Loving Lolita

This renowned classic may feature a rather reviled character, but it's all about those sublime and perfectly crafted words

22 out of 100 … books that is

One of the most memorable books I’ve read is Lolita by Vladimir Nabokov. And it’s on Time‘s list of the top-100 books of all time (qualified as English-language books since 1923 … so no Tolstoy or Shakespeare in the mix). We read it as a bookclub read a while ago now. The pick was met with a bit of apprehension from our bookclub mates (on the surface a book about some perv making it with a nubile young teenager doesn’t exactly scream enticing bookclub read). Turns out that it was one of our all-time faves. In fact, all it took to get Janet on board (as I recall) was cracking the cover and reading the opening lines:

Lolita, light of my life, fire of my loins. My sin, my soul. Lo-lee-ta: the tip of the tongue taking a trip of three steps down the palate to tap, at three, on the teeth. Lo. Lee. Ta.  ¶  She was Lo, plain Lo, in the morning, standing four feet ten in one sock. She was Lola in slacks. She was Dolly at school. She was Dolores on the dotted line. But in my arms she was always Lolita.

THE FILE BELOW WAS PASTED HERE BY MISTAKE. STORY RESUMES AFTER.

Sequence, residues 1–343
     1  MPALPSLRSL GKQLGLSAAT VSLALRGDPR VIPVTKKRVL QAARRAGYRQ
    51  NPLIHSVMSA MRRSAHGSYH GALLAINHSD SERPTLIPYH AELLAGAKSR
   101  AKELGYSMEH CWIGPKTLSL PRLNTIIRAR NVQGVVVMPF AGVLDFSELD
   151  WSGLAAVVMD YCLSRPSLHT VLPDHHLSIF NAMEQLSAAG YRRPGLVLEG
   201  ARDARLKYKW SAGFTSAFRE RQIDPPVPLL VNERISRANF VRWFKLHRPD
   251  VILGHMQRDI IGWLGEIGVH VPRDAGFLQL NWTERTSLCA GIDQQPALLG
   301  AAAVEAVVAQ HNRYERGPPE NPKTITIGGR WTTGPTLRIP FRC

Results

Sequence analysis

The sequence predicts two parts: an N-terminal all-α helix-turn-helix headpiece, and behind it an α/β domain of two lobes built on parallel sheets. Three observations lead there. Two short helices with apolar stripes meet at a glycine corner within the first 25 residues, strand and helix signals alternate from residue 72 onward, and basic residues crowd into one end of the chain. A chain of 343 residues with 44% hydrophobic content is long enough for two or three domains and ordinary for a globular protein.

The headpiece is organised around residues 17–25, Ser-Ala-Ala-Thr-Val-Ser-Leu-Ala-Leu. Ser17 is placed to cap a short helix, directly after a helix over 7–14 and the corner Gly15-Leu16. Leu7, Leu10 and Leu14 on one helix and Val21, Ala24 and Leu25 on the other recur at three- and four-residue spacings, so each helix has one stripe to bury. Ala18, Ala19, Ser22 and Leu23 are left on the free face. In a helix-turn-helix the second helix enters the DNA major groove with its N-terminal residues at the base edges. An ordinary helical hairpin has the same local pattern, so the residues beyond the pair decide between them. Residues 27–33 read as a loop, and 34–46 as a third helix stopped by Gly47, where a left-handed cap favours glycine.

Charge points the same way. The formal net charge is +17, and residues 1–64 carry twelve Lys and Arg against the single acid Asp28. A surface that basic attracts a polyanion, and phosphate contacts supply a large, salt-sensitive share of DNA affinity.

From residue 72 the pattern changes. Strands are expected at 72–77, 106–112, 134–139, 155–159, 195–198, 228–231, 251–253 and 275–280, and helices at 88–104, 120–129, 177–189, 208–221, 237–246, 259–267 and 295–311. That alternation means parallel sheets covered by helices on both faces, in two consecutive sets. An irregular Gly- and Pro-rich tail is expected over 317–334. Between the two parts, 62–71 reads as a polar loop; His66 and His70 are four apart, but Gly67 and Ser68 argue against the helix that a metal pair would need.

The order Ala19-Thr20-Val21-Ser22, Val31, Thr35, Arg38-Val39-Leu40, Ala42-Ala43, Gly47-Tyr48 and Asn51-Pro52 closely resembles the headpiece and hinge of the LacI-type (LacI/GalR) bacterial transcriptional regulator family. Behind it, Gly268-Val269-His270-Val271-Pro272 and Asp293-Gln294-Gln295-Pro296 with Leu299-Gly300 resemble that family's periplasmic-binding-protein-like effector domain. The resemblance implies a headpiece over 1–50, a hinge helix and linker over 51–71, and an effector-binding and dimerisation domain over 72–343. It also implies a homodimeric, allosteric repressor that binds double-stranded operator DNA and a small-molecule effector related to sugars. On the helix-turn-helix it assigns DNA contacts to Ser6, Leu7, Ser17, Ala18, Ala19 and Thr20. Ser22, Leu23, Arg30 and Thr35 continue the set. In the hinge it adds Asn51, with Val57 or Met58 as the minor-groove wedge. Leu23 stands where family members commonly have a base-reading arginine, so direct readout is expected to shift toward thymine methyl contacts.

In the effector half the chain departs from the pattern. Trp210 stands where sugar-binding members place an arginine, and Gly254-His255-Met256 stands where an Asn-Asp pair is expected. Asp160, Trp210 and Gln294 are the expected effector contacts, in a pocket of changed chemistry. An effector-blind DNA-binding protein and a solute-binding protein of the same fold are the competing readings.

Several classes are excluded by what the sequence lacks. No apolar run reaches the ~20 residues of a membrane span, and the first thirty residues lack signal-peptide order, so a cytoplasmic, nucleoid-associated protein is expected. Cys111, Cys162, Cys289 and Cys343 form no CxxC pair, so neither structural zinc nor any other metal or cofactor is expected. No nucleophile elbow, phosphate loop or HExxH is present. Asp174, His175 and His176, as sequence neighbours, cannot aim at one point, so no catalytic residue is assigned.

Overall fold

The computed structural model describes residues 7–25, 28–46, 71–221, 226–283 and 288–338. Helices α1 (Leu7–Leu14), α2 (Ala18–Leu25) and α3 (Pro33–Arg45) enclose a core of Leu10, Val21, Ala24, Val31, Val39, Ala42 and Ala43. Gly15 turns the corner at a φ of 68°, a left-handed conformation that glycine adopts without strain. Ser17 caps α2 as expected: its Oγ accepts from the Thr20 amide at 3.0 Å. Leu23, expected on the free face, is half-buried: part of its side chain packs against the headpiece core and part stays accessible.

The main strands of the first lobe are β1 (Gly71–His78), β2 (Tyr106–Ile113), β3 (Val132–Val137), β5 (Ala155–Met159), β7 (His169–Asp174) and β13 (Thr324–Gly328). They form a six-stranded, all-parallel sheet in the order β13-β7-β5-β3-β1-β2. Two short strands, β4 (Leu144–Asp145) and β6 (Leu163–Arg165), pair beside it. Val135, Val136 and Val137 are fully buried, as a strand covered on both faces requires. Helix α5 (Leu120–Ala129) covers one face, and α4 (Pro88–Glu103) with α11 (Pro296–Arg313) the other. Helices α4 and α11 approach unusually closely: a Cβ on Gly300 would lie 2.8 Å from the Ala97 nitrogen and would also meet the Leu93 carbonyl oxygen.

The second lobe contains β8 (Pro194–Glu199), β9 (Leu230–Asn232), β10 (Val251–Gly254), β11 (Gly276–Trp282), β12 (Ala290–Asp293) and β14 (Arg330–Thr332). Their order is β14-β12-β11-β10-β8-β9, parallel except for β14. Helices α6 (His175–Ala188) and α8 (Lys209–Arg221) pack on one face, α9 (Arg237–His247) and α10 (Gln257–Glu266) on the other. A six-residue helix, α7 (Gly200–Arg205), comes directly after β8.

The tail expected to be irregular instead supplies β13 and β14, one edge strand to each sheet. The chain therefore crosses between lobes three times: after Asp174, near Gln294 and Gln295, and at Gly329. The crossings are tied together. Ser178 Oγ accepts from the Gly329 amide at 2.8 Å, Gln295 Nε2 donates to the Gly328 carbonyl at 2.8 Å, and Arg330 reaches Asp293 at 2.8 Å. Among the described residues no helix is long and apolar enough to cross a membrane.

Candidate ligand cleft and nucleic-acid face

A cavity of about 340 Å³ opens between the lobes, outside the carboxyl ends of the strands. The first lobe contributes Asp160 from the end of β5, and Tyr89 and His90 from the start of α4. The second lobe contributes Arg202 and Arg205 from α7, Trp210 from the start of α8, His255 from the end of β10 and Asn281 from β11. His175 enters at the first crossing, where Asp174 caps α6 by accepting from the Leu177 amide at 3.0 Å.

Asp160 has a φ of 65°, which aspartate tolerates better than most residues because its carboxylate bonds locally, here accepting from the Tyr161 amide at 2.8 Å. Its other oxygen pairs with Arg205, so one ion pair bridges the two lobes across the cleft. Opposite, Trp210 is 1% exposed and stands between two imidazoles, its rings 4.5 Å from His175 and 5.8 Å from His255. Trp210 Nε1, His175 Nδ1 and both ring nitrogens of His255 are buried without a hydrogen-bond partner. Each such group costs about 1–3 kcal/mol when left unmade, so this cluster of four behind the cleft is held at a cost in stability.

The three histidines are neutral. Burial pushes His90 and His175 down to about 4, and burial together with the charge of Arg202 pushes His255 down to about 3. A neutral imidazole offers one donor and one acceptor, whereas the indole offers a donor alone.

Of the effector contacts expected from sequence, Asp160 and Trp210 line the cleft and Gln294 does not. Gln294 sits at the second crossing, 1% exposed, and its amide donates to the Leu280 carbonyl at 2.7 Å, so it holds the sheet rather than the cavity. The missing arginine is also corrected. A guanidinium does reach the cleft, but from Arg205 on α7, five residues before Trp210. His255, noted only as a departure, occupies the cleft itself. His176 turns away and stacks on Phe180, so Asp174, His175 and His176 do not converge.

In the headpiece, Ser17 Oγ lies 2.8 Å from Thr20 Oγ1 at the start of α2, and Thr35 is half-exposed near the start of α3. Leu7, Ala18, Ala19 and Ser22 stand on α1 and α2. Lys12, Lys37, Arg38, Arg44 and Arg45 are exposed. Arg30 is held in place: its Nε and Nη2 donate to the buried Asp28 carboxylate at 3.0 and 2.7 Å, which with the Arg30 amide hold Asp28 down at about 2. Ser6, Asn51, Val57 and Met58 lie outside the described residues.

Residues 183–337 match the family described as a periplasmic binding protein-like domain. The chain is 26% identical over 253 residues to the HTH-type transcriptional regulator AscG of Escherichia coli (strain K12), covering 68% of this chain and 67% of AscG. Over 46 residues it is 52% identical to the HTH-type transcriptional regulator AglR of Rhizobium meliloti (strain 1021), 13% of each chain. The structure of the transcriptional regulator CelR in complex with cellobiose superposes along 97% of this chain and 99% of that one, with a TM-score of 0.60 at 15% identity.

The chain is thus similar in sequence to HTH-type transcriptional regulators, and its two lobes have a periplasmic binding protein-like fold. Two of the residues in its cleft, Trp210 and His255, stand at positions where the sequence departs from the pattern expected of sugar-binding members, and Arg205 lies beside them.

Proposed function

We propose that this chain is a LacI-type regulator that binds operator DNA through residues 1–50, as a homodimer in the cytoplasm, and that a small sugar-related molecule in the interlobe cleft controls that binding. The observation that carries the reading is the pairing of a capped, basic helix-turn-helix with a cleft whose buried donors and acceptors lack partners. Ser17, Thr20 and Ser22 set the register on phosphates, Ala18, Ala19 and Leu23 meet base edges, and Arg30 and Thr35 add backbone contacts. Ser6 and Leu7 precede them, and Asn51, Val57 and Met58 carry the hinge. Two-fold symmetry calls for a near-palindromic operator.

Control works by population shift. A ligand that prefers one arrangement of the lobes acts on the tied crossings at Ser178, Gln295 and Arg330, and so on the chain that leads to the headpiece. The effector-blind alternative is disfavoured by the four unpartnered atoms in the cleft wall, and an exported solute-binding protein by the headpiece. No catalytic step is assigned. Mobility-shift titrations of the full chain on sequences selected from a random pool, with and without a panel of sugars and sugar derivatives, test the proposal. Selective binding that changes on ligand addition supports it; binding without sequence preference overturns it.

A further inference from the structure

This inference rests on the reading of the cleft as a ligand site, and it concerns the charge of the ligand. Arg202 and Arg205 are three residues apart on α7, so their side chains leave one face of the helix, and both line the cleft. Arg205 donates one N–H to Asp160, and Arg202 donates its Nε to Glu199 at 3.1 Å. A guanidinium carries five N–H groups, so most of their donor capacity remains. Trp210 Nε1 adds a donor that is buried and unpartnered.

Oh, Humbert Humbert. What a character. And, of course, Dolores Haze. But it’s all about Nabokov’s writing. Same as another memorable bookclub pick of Janet’s: Hemingway’s The Sun Also Rises. The words, the writing—aside from the story itself (or lack thereof, as my significant other says)—is mesmerizing. Oh, and incidentally, this book is also on Time‘s top-100 list.

In fact, three other past bookclub picks are on the list: Money by Martin Amis (hmmm), The Corrections by Jonathan Franzen, and White Teeth by Zadie Smith (another hmmm). Also on the list are authors we’ve read but not titles we’ve read, like Steinbeck’s The Grapes of Wrath, Ian McEwan’s Atonement (read on my own and loved) and David Foster Wallace’s Infinite Jest. I’ll have to plough through that DFW tome one day…our last bookclub read was Consider the Lobster (thanks Janet!), a collection of non-fiction pieces by DFW, and I was wow’d (others, however, not so much—which is why reading is so awesome, it’s a shared but wholly unique and personal experience with so much to discuss, whether we love/hate, agree/disagree).

My personal total tally on the Time all-time top-100 books is 22 out of the 100. What’s yours? φ

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